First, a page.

That the first part is moral and perpetual, is evident from the end and the causes of the commandment, which are perpetual in their character. The end or design of the commandment is the maintenance of the public worship of God in the church; or the perpetual preservation, and use of the ecclesiastical ministry.
He wrote that the second part of the commandment is distinctly Mosaic, ceremonial, and temporary. He distinguished between the Israelite “sabbaths” and “the Sabbath.” The Sabbath itself was grounded in creation. It is part of the abiding moral law of God. He distinguished between servile works, i.e., those that hinder worship.
Third, though we mainly think about the Synod of Dort (1618–19) in regard to the doctrine of salvation, the Reformed Churches actually met there to discuss more than responding to the Remonstrants (Arminians). They discussed the life of the church and they formulated a position on the Sabbath that is not clearly distinct from what was held by most British Reformed congregations and confessions. The Synod distinguished between that which is perpetual or creational and that which was temporary or Mosaic in the Sabbath. The intent, however, of these rules (canons) on the Sabbath, adopted in May, 1619, was to make clear that the Sabbath is not abrogated along with the old, Mosaic covenant.F
Fourth, it is frequently asserted or implied that Johannes Cocceius (1603–69) corrupted the Reformed consensus on the Sabbath. E.g., the Theopedia entry claims, “In one of his essays he contends that the observance of the Sabbath, though expedient, is not binding upon Christians, since it was a Jewish institution.” The picture in the original texts, however, is more complicated. In §21 and §338 of the Summa de foedere he recognized that the Sabbath was a creational institution. He taught that it had perpetual validity. He recognized that the Mosaic Sabbath legislation was “moral in nature” while acknowledging that the punishments attached to it, under Moses, were temporary and that there were other temporary aspects to the Mosaic legislation. He also observed the eschatological (i.e., the heavenward looking) aspect of the Sabbath. His doctrine of the progressive abrogation of the covenant of works caused him to argue that the Decalogue was not a covenant of works. He was adamant that the covenant of grace was administered through the Mosaic legislation. These sections of the Summa are difficult but it seems clear that he taught that though the Jewish Sabbath a type and shadow of the future Sabbath rest that would be given in the new covenant, “nevertheless,” he wrote, “it remains true that the [Sabbath-rest] of the New Testament must be observed together with its sanctification. In every possible way the New Testament’s Sabbath rest can be considered and practiced and maintained.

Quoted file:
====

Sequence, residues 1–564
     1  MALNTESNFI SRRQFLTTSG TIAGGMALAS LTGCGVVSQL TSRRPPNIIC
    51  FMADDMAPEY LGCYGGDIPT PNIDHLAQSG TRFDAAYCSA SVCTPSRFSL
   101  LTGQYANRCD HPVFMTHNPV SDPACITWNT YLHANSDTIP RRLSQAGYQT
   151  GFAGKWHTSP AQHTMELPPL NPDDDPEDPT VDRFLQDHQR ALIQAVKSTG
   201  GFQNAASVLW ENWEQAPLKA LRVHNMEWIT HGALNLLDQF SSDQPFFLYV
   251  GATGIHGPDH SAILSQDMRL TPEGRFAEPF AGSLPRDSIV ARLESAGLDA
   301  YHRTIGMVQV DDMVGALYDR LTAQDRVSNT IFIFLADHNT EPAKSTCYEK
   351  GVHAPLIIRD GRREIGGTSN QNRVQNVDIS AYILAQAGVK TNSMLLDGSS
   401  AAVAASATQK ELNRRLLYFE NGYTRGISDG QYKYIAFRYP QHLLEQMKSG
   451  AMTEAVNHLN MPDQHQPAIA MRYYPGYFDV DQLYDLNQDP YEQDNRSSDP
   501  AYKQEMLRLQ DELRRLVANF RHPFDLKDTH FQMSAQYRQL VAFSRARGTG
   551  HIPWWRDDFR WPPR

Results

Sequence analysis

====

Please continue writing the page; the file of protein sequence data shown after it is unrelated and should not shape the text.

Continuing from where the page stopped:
There were Cocceians who, because of the heated polemical context of the fight with the Voetians, took stronger, less conservative views of the Sabbath, I’m not confident that we can read those views back into Cocceius, just as we cannot read the adoption by some Cocceians, of a the Cartesian epistemology, back into Cocceius himself.
Yes there is some diversity within classical Reformed theology on the Sabbath but it is diversity within unity. There is a Reformed view of the Sabbath. There is a fundamental unity that God has established a 1 in 7 pattern in creation. To that creational law was added typological and temporary Mosaic legislation but the Sabbath was not grounded in the Mosaic law and covenant but in creation, i.e., in the nature of things. The Sabbath principle, then, remained in force in the New Covenant. The day was transformed from the last day to the first by the bodily resurrection of the Son of God and the inauguration of the new creation but the Sabbath principle and practice remained.